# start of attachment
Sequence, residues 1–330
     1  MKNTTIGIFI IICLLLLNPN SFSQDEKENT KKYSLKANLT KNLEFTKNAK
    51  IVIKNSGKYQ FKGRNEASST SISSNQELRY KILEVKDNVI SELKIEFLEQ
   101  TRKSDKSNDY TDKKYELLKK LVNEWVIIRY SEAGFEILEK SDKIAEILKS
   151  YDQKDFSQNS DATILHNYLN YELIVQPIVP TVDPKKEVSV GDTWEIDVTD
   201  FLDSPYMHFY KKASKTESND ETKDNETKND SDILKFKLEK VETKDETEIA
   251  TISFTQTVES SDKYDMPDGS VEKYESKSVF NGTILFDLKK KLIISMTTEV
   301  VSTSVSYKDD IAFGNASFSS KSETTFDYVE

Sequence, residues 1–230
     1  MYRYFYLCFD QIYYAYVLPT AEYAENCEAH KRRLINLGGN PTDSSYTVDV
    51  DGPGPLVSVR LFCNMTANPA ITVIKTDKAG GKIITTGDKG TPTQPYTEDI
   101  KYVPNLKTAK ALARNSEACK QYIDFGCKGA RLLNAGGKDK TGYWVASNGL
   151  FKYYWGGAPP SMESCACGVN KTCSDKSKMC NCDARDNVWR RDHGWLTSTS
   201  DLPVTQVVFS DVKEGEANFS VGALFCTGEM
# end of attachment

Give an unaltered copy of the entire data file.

Sequence, residues 1–330
     1  MKNTTIGIFI IICLLLLNPN SFSQDEKENT KKYSLKANLT KNLEFTKNAK
    51  IVIKNSGKYQ FKGRNEASST SISSNQELRY KILEVKDNVI SELKIEFLEQ
   101  TRKSDKSNDY TDKKYELLKK LVNEWVIIRY SEAGFEILEK SDKIAEILKS
   151  YDQKDFSQNS DATILHNYLN YELIVQPIVP TVDPKKEVSV GDTWEIDVTD
   201  FLDSPYMHFY KKASKTESND ETKDNETKND SDILKFKLEK VETKDETEIA
   251  TISFTQTVES SDKYDMPDGS VEKYESKSVF NGTILFDLKK KLIISMTTEV
   301  VSTSVSYKDD IAFGNASFSS KSETTFDYVE

Sequence, residues 1–230
     1  MYRYFYLCFD QIYYAYVLPT AEYAENCEAH KRRLINLGGN PTDSSYTVDV
    51  DGPGPLVSVR LFCNMTANPA ITVIKTDKAG GKIITTGDKG TPTQPYTEDI
   101  KYVPNLKTAK ALARNSEACK QYIDFGCKGA RLLNAGGKDK TGYWVASNGL
   151  FKYYWGGAPP SMESCACGVN KTCSDKSKMC NCDARDNVWR RDHGWLTSTS
   201  DLPVTQVVFS DVKEGEANFS VGALFCTGEM